‘And all are false that taste not just like mine.’ So much the poet Donne claims for his tears of true love, and so much we claim for the scene which follows. Accept no imitations (there are some). This is the real story. As you will see we have gone to the only available source for the truth. So here is Takapuna beach empty at perhaps 2 a.m. and here is Curl Skidmore carrying a soaked towel and a bowl of blood. Could we just check on that Curl.

It was a bowl of blood?

It was an old po lent me for the occasion by Nathan Stockman. He used it for friars balsam. For inhalations. He suffered from catarrh. It was horribly brown stained with balsam . . .

So we see Curl Skidmore in his pyjamas and dressing gown carrying a large ornate brown-stained chipped china bowl full . . . Was it full?

I don’t remember. Half full perhaps. There was a lot of blood.

Down to the sea. Why would that be when across the yard in the outhouse there was a lavatory?

There was no light in the lavatory and we shared it with Nathan and Felice. I was afraid of splashing it about.

So Curl Skidmore carries the bowl across the lawn, down the steps under the tamarisk feathers, over the sand and down to the shallows. It is one of those nights with high-flying spaced-out clouds and a big moon and when he looks up the moon appears to be racing through static fleeces which it lights up as it goes. He is full of some unresolved and swelling emotion, part fear, part horror, part guilt.

Look here, aren’t you laying it on?

Is that not what you felt?

I was prone to melodrama.

So you didn’t, as reported, feel a sense of sin?

How do we know what we feel? We find words for what we think we feel and that puts a limit on it. Perhaps falsifies . . .

Thank you for that reminder. But you see we haven’t yet got the blood into the water. We have you in pyjamas and dressing gown and we have the blood in the stained china jerry and we have the moon travelling light up there and we have you feeling – something. What was it?

All you’ve said and more. Love, Guilt, Ecstasy, Fear – anything you like. It was a big moment in my life. I was a father-to-be for the first time and now I was a father-not-to-be, and in the bowl was the child-not-to-be of Curl and Pat. I tipped the blood into the sea and I thought of the German momma and the Anglo-Saxon Kiwi father and the Tuhoe forebears and the de Thierry forebears and even the godamn dark Celts – it was a powerful mix I was throwing away. And up there was the moon and out there was Rangitoto. I was afraid.

Afraid of what?

That the gods might punish I suppose.

And did Pat feel . . .

Pat was a practical girl. She said, ‘My Tuhoe forebears practised infanticide. So did yours probably.’

So now you have rolled your pyjamas up to the knees and you are barefoot in the shallows. You are tipping the bowl of blood into the sea. You think of Macbeth and the multitudinous seas incarnadine. In one of those flash floods of moonlight when the clouds are travelling fast you see the dark stain in the water, you see it spreading, you watch it fade. There is no other witness . . .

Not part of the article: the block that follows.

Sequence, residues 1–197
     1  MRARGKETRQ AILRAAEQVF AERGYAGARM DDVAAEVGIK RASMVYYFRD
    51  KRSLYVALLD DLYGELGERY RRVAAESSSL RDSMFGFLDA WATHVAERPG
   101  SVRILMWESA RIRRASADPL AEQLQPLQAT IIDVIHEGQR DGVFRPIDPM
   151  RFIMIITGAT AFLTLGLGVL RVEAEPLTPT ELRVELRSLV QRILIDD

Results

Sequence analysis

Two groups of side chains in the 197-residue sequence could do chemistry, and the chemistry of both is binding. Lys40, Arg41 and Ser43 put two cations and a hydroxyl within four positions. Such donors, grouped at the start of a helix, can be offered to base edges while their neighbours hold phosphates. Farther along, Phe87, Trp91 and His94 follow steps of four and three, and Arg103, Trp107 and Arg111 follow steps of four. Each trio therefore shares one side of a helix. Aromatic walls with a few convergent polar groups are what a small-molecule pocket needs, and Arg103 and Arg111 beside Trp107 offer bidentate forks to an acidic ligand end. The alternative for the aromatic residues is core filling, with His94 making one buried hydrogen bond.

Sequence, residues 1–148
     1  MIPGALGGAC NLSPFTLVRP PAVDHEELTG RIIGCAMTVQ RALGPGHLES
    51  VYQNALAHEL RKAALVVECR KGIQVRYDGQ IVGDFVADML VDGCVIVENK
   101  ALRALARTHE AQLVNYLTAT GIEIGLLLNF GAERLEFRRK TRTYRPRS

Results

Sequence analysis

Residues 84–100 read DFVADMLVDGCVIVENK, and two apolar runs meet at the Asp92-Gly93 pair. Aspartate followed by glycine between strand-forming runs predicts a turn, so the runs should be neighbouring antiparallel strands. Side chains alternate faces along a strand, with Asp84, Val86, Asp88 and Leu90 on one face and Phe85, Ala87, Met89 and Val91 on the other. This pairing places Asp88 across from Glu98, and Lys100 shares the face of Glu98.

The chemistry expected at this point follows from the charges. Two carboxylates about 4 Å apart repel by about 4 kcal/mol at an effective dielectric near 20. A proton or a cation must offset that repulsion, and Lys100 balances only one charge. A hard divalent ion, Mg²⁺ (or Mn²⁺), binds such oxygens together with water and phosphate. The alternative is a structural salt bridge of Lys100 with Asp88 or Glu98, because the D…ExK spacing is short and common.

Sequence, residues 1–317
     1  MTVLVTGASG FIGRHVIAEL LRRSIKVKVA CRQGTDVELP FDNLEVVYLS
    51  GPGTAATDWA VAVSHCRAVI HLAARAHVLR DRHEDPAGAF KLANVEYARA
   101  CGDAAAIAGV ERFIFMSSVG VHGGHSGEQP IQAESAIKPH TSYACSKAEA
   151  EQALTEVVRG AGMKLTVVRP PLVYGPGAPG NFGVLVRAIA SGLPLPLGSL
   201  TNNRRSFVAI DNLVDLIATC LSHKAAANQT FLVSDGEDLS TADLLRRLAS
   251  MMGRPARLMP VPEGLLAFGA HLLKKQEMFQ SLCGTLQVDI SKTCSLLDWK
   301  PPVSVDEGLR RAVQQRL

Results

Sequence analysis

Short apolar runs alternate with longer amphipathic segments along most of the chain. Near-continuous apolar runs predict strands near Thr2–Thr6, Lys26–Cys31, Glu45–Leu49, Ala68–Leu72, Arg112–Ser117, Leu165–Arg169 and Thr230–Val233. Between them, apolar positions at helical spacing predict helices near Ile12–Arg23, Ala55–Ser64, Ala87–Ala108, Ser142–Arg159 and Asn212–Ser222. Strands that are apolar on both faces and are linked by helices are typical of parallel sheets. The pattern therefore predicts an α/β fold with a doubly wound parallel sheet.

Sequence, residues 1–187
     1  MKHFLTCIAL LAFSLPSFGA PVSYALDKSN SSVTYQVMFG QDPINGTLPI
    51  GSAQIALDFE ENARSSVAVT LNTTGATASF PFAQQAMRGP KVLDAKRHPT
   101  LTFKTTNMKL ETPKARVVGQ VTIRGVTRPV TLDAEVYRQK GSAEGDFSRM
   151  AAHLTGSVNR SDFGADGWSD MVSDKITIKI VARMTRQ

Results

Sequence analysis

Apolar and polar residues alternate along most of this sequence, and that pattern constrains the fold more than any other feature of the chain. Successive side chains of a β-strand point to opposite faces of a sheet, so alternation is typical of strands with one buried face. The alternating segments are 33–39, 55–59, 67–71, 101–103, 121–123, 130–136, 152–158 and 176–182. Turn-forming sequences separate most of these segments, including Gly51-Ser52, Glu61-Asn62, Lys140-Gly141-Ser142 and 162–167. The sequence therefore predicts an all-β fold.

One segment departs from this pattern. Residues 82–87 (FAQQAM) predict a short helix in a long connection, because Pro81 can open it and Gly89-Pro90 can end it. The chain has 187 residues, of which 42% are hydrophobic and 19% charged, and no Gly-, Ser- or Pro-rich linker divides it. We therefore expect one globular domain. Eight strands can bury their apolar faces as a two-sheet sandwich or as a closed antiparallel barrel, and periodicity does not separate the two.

There was one.

Someone else was there?

Hiroshima, mon ami.

Ah, the little dog. Rosh.

He sometimes slipped his chain at night and went roaming. He wanted me to throw a stick. I wasn’t in the mood for it. He jumped up and pulled at the tassel on my dressing gown. I whacked him on the nose and he ran off whimpering. It was the only time I ever hit him. I called him but he wouldn’t come back . . .

So the bowl is empty. There’s still the towel. It’s soaked through with blood. You try to rinse it and wring it out in the shallows but it’s hopelessly sodden and in the end you simply swing it and throw it as far as you can. The tide is on its way out and will take it out to sea. Back in the bedroom Pat reports she thinks the flow is easing. She pads herself some more and you settle down on towels to sleep.

But the flow wasn’t easing. In the morning the towels were soaked through, the mattress was sodden, Pat was pale, whether with fright or loss of blood. Curl was paler without loss of any blood at all but in the matter of pallor he had a head start. He was quick on his feet however, and he panted up the steep drive and through the early morning streets to the phone box and had an ambulance there in – well, however long it took. Pat was driven to Devonport in time to cross on an early vehicular crossing and she was already anaesthetized and being spooned out on a table in a theatre of National Women’s Hospital before the tide which had carried away the dream that was to be called Siegfried or Sieglinde had returned uncarnadined.

She was none the worse for it. She was fit as a flea – a box of birds. The doctor’s reassurances made Curl feel he could breathe freely and he silently put up with what followed about not getting girls pregnant if you didn’t intend to marry them and not taking advantage of a girl’s racial origins and what a beautiful girl she was anyway, there weren’t many pakeha girls who could hold a candle to her . . .

 

 

 

 

 

© C.K. Stead, 1984

'...poetry makes intimate everything that it touches.' - Michael Harlow